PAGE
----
Rain is causing problems at Merion
The most popular equipment at Merion was not a golf club but a squeegee.
More heavy rain at the U.S. Open flooded a bunker by the 11th green and filled fairways with large puddles and tiny streams on Monday. The course was closed for four hours during the first full day of practice, and then shut down for good later in the afternoon.
Brandt Jobe played three holes when he heard a horn to stop play. Jim Herman managed to play one hole. Practice rounds are important because only a dozen or so players have ever seen this 100-year-old course, which has not hosted a U.S. Open in 32 years.
Workers were busy running squeegees across the greens and fairways during the afternoon before another downpour arrived.
“After the rain this morning, it’s going to be very sloppy now,” Ernie Els said. “You’re not going to see a firm U.S. Open this year, I’m sorry.
“I don’t care if they get helicopters flying over the fairways, it’s not going to dry up. We’re going to have a soft golf course this week — all week.”
The forecast was for mostly dry conditions today and Wednesday, followed by a 40 percent chance of rain Thursday for the opening round.
Merion received more than 3 inches of rain on Friday, and Monday’s downpours — three of them — didn’t help.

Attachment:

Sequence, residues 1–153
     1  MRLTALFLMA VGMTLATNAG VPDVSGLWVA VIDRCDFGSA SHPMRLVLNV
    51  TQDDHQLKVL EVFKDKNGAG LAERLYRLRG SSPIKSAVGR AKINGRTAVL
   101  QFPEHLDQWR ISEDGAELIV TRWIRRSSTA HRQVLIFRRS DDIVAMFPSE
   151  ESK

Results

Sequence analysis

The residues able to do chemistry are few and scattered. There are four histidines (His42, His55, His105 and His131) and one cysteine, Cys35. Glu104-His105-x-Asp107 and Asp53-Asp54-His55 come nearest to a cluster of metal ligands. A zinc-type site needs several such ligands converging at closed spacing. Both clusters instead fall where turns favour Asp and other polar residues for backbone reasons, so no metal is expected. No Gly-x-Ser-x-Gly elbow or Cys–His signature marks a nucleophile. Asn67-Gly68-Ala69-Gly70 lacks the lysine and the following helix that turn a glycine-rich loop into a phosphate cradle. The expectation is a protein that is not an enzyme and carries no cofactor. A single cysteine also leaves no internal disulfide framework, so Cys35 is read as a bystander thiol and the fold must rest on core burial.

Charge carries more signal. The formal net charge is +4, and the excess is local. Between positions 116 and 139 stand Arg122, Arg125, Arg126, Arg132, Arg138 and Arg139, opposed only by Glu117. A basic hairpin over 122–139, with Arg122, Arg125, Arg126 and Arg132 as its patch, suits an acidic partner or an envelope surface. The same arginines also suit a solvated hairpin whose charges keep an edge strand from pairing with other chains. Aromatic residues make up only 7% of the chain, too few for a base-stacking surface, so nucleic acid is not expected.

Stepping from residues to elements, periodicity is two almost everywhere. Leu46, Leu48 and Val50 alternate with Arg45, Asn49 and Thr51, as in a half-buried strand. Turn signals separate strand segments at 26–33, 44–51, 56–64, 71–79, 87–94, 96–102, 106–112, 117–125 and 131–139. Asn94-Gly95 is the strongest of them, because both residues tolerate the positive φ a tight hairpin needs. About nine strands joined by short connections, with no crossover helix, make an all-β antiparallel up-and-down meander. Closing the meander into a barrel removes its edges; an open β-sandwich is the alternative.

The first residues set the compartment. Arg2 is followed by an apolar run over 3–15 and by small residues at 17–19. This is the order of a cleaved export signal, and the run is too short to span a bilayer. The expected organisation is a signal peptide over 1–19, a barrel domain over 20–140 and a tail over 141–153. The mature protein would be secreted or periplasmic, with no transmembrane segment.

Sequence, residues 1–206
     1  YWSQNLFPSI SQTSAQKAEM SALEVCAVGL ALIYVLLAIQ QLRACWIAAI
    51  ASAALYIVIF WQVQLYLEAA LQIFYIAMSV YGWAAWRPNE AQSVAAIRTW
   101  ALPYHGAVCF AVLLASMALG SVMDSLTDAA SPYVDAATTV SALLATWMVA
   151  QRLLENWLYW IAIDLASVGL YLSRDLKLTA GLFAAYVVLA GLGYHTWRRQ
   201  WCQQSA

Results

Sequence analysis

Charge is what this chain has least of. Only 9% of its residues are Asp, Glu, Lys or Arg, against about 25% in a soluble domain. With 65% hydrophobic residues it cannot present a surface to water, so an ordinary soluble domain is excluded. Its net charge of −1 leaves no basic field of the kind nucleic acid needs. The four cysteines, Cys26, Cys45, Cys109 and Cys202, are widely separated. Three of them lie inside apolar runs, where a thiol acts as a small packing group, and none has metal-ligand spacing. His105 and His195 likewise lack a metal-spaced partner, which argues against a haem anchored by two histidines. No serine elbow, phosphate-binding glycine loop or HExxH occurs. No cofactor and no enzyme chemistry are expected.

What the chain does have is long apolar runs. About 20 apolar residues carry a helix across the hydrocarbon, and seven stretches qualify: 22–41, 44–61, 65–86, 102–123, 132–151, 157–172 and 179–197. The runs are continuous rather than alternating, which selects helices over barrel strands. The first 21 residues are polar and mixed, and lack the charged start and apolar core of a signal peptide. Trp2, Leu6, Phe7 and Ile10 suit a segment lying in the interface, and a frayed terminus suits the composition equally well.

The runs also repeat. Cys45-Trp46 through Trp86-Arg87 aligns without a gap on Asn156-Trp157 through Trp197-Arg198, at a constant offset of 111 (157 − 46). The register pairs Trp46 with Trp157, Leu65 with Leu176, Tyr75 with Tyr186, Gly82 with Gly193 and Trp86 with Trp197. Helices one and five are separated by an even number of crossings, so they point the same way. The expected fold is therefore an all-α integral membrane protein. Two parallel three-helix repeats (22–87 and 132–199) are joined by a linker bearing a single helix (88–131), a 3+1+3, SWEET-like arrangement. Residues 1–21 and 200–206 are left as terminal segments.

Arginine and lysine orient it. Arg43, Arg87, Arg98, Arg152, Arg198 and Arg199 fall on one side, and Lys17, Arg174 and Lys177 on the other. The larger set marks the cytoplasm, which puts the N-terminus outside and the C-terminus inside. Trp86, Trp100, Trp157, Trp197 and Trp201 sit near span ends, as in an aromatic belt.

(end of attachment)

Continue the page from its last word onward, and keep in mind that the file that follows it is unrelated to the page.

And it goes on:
The low point on the East course is the 11th hole, and a bunker was filled with water from an overflowing stream.
Course superintendent Matt Shaffer said the base sand was left alone. Workers removed the silt and put three tons of new sand in the bunker, tamped it down and “we were ready to go.”
For now, officials were hopeful.
Shaffer said Merion has had two big rains, and both times 11th green has stayed above water. And while there were tiny streams running through fairways and large pools of water on sections of the greens, the water appeared to drain quickly.
“This course is not built on sand, so it’s got the heavier soils,” USGA executive director Mike Davis said. “But it is maybe the best draining golf course I have ever seen. If you walk this course, you know there’s hardly any flat lies at Merion.”
Merion is 6,996 yards on the scorecard, the shortest U.S. Open course since Shinnecock Hills in 2004. The rough is thicker than usual compared with most recent Opens, though soft greens are a recipe for low scoring no matter the course.
The next two days could be crucial.
“We just need a little bit of sunshine,” Shaffer said.